Prohibited approach (inner boundary)
A distance from an exposed part that is considered the same as making contact with the live part. The prohibited approach is the distance that the employee must remain from exposed live parts in order to prevent flashover or arcing in the air.
Note: These distances are not the same for all types of equipment. Some equipment will have a larger flash protection boundary, while others will have a lesser boundary. Refer to NFPA 70E for boundary distances at given voltage ranges.
Safety around electrical hazards
To be safe, employees must think about the job and plan controls for possible hazards. The three-step model to follow for optimum safety practices around electrical hazards is recognizing, evaluating, and controlling the hazards.
To avoid injury, the employee must understand and recognize hazards and evaluate the situation by assessing the risks.
Remember: The most effective way to eliminate the risk of electrical shock or arc flash is to de-energize the equipment and not work on equipment that is “live.”
Examples of how the three-step model can protect against electrical hazard risk and arc flash require planning and establishing proper controls. Controls to prevent injury include:
- De-energizing, locking, and tagging out circuits and equipment and not working “live” whenever possible.
- Using proper insulation, guarding, and grounding (including ground fault circuit interrupters (GFCIs)).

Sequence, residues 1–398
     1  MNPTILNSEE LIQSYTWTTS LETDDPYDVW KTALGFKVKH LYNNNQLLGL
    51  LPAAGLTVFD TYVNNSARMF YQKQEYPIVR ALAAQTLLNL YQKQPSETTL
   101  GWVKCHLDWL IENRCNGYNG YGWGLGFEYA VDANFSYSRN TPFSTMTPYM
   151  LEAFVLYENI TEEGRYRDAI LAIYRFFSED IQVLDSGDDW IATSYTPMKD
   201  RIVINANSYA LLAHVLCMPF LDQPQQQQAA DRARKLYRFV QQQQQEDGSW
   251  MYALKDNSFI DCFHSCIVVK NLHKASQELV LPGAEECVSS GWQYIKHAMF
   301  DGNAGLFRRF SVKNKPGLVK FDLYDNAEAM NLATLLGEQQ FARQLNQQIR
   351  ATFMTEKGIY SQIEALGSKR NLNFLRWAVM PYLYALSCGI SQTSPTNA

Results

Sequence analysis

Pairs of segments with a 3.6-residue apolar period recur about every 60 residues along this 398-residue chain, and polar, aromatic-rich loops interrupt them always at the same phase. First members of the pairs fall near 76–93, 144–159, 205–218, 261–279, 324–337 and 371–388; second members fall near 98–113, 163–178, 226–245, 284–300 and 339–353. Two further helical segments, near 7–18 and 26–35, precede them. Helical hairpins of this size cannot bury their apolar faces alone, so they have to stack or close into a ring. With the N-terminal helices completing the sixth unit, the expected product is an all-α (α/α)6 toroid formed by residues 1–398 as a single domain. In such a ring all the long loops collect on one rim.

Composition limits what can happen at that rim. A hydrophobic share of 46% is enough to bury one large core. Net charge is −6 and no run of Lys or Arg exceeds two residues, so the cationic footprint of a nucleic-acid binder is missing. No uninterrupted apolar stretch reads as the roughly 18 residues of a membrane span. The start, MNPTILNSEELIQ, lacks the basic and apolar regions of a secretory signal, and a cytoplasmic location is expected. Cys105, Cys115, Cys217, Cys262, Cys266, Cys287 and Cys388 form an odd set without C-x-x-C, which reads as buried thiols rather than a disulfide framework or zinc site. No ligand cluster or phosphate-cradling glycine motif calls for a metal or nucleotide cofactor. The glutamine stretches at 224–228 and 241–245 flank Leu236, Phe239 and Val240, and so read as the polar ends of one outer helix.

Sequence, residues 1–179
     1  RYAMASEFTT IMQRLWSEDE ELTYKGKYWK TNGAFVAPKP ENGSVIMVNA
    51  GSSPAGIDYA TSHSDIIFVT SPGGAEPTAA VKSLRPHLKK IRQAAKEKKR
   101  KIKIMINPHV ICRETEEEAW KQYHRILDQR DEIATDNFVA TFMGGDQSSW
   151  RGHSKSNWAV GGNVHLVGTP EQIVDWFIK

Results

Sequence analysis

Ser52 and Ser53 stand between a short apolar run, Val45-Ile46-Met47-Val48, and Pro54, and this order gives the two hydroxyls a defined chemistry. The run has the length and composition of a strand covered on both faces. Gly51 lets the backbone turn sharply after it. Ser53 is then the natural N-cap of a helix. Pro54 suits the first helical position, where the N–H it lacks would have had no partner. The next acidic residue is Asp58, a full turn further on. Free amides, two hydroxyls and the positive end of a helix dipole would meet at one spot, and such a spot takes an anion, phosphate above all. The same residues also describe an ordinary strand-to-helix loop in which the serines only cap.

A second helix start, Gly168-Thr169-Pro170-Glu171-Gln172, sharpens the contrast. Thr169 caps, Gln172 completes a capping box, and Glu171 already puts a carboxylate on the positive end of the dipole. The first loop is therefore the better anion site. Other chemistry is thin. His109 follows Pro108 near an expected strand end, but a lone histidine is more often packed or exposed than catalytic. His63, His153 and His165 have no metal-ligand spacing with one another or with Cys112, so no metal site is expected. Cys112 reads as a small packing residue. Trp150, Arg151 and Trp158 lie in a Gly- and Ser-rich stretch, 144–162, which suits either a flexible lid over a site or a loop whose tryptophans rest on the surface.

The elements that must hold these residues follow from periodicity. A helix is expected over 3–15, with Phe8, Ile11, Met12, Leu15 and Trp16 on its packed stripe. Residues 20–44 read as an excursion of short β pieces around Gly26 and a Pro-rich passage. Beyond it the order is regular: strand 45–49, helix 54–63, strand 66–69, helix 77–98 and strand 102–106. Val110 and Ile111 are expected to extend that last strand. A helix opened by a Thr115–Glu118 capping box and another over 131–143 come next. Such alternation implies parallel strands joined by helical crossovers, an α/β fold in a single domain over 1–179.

- Barricades to warn others of the boundaries.
- Preventing system overloads.
- Reading all arc flash labels to determine the level of PPE required and boundary distances.
Other risk assessment considerations
What makes arc flashes such a common hazard are just how many variables that contribute to them. Below are some additional precautions you can take to reduce arc flash risks in your worksite.
The metal parts of electrical wiring systems that can be touched should be grounded and at 0 volts. When electrical systems are not grounded, metal parts of equipment may become energized.
If a circuit is not grounded, a hazard exists because unwanted voltage cannot be safely eliminated. If a path to the ground is interrupted by nonconductive material, shocks and potential arcing could occur. To minimize the chances of improper grounding, check power tools and outlets before use to make sure they contain a GFCI device. A GFCI will reduce the risk of current leakage.
Overloads in an electrical system can produce heat or an arc. Additionally, wires and other components in a system or circuit have a maximum amount of current that they can carry safely.
If you plug too many devices into a circuit, the electrical current will heat the wires to a very high temperature. This may cause the wires to heat up enough to cause a fire.
If the insulation melts, arcing may occur. Arcing can cause a fire in the area where the overload exists, even inside a wall. To reduce the risk of overloading, check that the associated circuit breakers and fuses are working correctly.
Perform a risk assessment for each piece of equipment operating at 50 volts or more that is not de-energized. Your evaluation should determine the required boundaries and PPE.
Employees must follow the PPE requirements established on arc flash labels. Remember, PPE does not eliminate the electrical hazard or arc flash risk. However, it can help to reduce the severity of an injury.